Gohmert responds: “Once we have this actually open dialogue about the situation you find out…every mass killing of more than three people in recent history has been in a place where guns were prohibited, except for one. They choose this place. They know no one will be armed. You know, having been a judge, having reviewed photographs of these horrific scenes and knowing that children have these defensive wounds, gun shots through their arms and hands as they try to protect themselves and hearing the heroic stories of the principal lunging trying to protect…Chris, I wish to God she had had an M4 in her office locked up so when she heard gun fire she pulls it out and she didn’t have to lunge heroically with nothing in her hands, but she takes him out, takes his head off before he could kill those precious kids.”

Doubtless Gohmert will be getting a lot of hate mail and hate calls for suggesting that the principal, who died charging Lanza with her bare hands, should've been armed with a gun that would have ended Lanza's real-life Dungeons and Dragons elimination game before more children were murdered.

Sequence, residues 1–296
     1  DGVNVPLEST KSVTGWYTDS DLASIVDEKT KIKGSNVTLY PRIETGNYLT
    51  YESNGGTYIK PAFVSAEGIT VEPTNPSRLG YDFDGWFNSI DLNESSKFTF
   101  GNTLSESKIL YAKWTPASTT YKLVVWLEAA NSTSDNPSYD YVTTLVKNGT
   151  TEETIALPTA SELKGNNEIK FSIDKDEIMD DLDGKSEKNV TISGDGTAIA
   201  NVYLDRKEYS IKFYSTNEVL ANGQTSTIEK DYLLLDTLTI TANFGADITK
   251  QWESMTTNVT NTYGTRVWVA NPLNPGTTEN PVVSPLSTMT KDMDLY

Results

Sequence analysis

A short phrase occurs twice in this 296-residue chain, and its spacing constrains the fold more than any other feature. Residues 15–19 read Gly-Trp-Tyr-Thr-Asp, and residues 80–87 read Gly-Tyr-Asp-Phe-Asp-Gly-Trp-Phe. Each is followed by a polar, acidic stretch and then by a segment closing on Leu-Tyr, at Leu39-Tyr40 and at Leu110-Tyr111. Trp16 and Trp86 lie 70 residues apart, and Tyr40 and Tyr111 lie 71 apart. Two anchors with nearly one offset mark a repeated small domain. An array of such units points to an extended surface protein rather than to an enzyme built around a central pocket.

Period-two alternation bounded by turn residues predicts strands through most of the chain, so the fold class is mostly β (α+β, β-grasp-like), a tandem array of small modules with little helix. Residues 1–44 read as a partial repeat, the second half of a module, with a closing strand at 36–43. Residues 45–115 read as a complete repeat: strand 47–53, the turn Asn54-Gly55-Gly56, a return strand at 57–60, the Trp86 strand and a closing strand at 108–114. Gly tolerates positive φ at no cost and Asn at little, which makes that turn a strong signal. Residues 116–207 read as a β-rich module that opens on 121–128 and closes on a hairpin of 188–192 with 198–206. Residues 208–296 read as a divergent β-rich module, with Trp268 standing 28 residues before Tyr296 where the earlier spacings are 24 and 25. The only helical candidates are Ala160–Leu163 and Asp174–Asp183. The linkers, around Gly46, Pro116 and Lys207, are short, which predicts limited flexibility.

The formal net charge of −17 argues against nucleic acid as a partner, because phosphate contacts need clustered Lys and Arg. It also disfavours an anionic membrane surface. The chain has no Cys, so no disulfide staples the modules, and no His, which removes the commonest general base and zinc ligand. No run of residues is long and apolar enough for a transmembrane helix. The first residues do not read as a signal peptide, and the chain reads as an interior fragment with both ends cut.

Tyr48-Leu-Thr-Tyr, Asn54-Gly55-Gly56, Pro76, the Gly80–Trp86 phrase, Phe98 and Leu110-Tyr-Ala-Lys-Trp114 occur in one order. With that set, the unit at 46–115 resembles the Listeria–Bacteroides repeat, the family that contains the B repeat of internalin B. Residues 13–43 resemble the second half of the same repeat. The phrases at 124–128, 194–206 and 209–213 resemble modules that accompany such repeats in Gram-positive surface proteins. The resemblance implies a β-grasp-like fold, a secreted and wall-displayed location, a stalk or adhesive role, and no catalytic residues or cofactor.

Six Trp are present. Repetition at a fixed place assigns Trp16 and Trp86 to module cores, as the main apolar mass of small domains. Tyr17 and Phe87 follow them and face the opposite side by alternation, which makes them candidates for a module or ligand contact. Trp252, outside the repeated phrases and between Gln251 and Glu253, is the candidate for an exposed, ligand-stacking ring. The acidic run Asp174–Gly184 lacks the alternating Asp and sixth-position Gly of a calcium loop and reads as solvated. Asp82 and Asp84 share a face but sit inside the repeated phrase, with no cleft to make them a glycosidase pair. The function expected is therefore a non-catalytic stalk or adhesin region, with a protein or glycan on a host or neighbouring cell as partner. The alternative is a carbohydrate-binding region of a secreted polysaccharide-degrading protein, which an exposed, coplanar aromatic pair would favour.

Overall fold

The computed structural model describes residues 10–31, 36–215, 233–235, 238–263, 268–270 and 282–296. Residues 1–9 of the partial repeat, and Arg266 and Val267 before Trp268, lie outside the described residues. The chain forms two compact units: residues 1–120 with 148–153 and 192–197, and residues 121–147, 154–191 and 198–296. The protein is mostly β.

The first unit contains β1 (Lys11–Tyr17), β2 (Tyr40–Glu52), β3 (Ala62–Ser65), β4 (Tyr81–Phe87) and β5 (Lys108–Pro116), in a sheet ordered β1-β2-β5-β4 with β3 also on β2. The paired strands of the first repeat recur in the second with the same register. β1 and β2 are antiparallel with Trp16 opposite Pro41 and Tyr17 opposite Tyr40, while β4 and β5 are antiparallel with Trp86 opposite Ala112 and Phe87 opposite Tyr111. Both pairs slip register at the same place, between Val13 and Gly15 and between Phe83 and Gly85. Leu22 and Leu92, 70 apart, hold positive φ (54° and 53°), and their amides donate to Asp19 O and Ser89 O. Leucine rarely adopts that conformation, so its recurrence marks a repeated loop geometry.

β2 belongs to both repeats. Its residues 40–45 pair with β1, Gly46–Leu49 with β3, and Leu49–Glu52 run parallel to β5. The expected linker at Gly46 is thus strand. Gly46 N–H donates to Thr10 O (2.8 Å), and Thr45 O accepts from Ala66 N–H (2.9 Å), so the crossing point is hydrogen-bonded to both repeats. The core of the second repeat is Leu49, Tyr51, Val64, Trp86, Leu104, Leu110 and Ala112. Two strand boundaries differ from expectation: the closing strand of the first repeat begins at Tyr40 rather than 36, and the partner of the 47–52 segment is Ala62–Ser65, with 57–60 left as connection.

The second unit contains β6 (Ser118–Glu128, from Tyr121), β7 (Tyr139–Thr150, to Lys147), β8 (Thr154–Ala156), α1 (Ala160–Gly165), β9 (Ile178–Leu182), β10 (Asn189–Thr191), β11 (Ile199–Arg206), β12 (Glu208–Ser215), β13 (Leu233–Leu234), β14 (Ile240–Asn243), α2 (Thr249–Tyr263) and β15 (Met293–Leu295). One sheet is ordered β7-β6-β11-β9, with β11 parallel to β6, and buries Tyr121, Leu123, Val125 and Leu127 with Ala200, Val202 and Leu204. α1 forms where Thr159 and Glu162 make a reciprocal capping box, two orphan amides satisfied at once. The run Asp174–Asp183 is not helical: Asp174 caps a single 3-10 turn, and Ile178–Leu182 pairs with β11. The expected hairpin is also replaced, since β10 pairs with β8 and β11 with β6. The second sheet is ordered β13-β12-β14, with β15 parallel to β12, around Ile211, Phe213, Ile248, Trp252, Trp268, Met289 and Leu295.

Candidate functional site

Then the obligatory question by the media: Why do people need semi-automatic weapons? Wallace says these are weapons created for law enforcement, for the military, but why does the average person need these “weapons of mass destruction”?

Gohmert: "Well, for the reason that George Washington said: A free people should be an armed people. It ensures against the tyranny of the government if they know that the biggest army is the American people, then you don’t have the tyranny that came from King George…."

The White House has set up a "petition" that has received tens of thousands of signatures from people who want him or Congress to "engage" them in "preventing" further "tragedies" by making the Second Amendment a dead letter. They all believe in "preventative" or "preemptive" law. Or Positive Law.

Or the law of an executive and government with unlimited powers to disarm the public for the "public good." If they get their way, they will have taken one more step closer to authoritarian government, which is but a rung below totalitarian government.